Oct 17, 2011 at 10:06 pm #1280768
@skyzoLocale: Borah Gear
You are probably read the title of this thread and were confused.
Well, I have some messed up toes, to say the least.
My pinky toe on my left foot naturally lays completely underneath the next toe over. Like if I hold up my foot, you can not see 3/4 of the toe. It is hit or miss whether or not this effects me when hiking. This past weekend me and a friend put some decent miles on (~30) in about 36 hours. When we got back my the aforementioned toe that the pinky lays under was killing me. The toenail on the pinky just shredded apart the bottom of that toe.
My question is, what should I do to prevent this. I can bend the pinky toe to make it straight very easily, so maybe some sort of "splint" holding it to the other toe? Or maybe a bandaid on it so the nail doesn't cut the other toe.
ThanksOct 17, 2011 at 10:39 pm #1791877
@ngatelLocale: Southern California
Wider and longer toe box. I have a similar, though not as severe problem, if my shoes are too tight. Keep those toe nail trimmed as short as possible. Your toes will probably spread out in a wider shoe.Oct 18, 2011 at 6:26 am #1791918
@ikeLocale: Central Michigan
+1 to a larger footbox. I've become a huge believer that most blisters are caused by poor fitting shoes. Injinji toe socks may also help to limit the friction of your toes rubbing to some degree.Oct 18, 2011 at 9:10 am #1791984
Dude, you need a toe spreader. Those are skeletal issues, not going to be fixed by wider shoes. You are going to need to do some work on those.
Go buy some of those things that we ladies use to spread out our toes when we paint them. It's not going to feel great, but if you do that while just sitting around, you might be able to correct some of your problem. Pretty much, you are looking at retraining your toes.
Have you seen a podiatrist?
JessOct 18, 2011 at 1:25 pm #1792093
@skyzoLocale: Borah Gear
I had seen a foot doctor awhile back, and said the only way to correct it was to break it and put it back into place. He said he didn't reccomend that unless it was really bothering me. It doesn't bother me at all in daily life, walking back and forth to work, etc. Even most of the time hiking it doesnt bother me, but maybe 1/5 times on long mileage days it will just kill me.
I wonder if those toe spreaders would eventually fix the problem? I saw them at the store the other day actually. Maybe I should pick up oneOct 18, 2011 at 1:49 pm #1792105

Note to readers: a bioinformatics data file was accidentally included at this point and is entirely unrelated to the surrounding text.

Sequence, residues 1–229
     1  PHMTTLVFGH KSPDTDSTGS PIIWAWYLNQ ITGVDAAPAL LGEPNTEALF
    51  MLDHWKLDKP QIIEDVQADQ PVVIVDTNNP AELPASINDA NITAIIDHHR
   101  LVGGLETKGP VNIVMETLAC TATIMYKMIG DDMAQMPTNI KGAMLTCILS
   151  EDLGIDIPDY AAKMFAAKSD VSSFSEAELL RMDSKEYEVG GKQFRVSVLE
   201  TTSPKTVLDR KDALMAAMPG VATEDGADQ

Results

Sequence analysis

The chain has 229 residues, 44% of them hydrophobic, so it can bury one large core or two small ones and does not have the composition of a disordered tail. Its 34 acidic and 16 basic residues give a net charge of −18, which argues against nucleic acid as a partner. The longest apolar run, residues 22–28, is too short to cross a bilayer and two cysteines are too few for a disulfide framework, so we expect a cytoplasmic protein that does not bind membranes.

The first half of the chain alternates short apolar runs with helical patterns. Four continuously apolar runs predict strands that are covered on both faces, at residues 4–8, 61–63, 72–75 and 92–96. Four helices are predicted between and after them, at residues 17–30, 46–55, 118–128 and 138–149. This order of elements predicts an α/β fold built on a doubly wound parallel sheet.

I'd say see a different podiatrist. Find one who tries to keep runners running. Check with local running clubs for recommendations. I have foot problems and found a local podiatrist who runs ultramarathons and he's very helpful. You probably have a structural problem in your feet, but you need to see a specialist.Oct 18, 2011 at 3:39 pm #1792147
@sbhikesLocale: Santa Barbara (Name: Diane)
I've had a similar problem but not quite as severe. What seemed to help some was to buy foam toe bandages and put one on my pinky toes (cut to fit) and then wrap the toes with tape. Yours are so much worse, though. You may need to get one of those foam things for painting your toes and tape that to your pinky toe and hike in Chacos or Tevas. Don't think that is too crazy. I hike in Chacos all the time and I've met lots of people out on the trails backpacking in Chacos and Tevas and even flip flops and Crocs. Lots of people have problems wearing regular shoes.Oct 18, 2011 at 3:45 pm #1792151
@kushbabyLocale: South Texas
I have something similar, except my pinky toe rides ABOVE instead of below. So it gets pretty beaten up in shoes that have narrow toes boxes or if the material's not JUST right over there (And all my shoes have "bumps" on that foot – and I get holes on mesh shoes). Several aunts have the same "mutant" toe, and one was really bugged by it, had surgery three times, never could get it corrected. So I've given up any thought of trying.
I have been hiking in Vibram Five Fingers Treks. I love them. It holds the pinky toe separate. It's a little weird at first, but it seems to be ok. It does get sore after three or four 10-15 mile days, but not unbearably so. (No blisters or anything, just sore, I guess from keeping the pinky pulled out.) I honestly don't know if longer trips would escalate or if it would be ok (I sort of suspect it would be ok). (Note, I actually don't have problems with normal footwear usually – I started hiking in Treks for other reasons.)
Anyhow, I think they're worth a shot. To get your foot used to them, you sort of need to walk around inside/at home in them for increasing amounts of time – DON'T go out on the trail in them without doing this. Bonus is, you can see how they do with your toe while only wearing them inside, and can return them if they don't work with your anatomy.
You must be logged in to reply to this topic.